While maintaining GKrellM for Windows I have found several things in the code that I wanted to improve. Apart from the Preferences Dialog which needs quite a bit of cleanup, the biggest offender both in terms of portability as well as readability is the socket code.
Currently, the socket handling in gkrellm and gkrellmd is really low-level, it uses plain socket API, i.e. raw calls to
select() etc. GLib and GIO in particular have support for abstracting most of this away. They also feature asynchronous versions of most of the blocking system-calls around socket handling which is a good thing especially for GUI-applications.
So I started to get this into GKrellM…
Starting with an event loop
I began porting with gkrellmd first because this is presumably the simpler case. The biggest change needed for gkrellmd was to make it use a GLib mainloop instead of its own event loop, that one was limited to socket events.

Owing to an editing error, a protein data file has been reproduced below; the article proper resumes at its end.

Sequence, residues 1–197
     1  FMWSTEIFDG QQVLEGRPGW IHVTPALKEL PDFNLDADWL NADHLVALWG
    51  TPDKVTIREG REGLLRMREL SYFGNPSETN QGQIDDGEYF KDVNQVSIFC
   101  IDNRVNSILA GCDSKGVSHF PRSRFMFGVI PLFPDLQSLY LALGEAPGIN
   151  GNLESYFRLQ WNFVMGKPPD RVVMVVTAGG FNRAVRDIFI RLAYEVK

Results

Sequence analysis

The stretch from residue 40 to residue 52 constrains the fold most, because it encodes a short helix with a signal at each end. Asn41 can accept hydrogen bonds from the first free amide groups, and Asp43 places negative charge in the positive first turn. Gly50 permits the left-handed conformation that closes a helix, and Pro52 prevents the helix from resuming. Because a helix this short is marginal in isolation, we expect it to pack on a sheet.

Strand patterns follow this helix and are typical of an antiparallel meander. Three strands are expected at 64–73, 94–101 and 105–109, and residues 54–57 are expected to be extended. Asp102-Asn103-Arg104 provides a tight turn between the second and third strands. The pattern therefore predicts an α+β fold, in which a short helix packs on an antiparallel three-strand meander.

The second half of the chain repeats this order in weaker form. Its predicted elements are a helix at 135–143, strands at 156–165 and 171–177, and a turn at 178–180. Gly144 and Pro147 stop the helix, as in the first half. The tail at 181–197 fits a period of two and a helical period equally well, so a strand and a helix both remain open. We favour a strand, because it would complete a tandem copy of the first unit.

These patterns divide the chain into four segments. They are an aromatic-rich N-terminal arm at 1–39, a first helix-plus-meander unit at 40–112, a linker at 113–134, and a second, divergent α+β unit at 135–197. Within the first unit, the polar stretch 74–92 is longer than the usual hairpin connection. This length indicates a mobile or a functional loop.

The old loop looked a bit like the following, the complete version is available at server/main.c in git.
This loop works remarkably well most of the time, but it has a few shortcomings:
- updating monitors has to wait for all socket-work to finish
- hostname lookups while accepting new clients block the whole loop until they finish or a system-dependent timeout is reached
- errors of
ioctl()are not checked for (also nbytes is never initialized, oops)
- the time that
select()waits also defines the update frequency for the monitors
Especially the possible blocking while accepting a new client may affect monitor update timing and keep already connected clients from receiving updates. This is usually not a big problem if clients are on the same network and name lookup for the network is working reliable but that doesn’t mean things can never go wrong.
The GLib way of creating, running and deleting an event loop that already updates gkrellm monitors regularly looks like this:
Of course this does not yet have all the features of the old gkrellmd event loop but I’ll tackle that in my next post about me diving into socket-communication using GIO.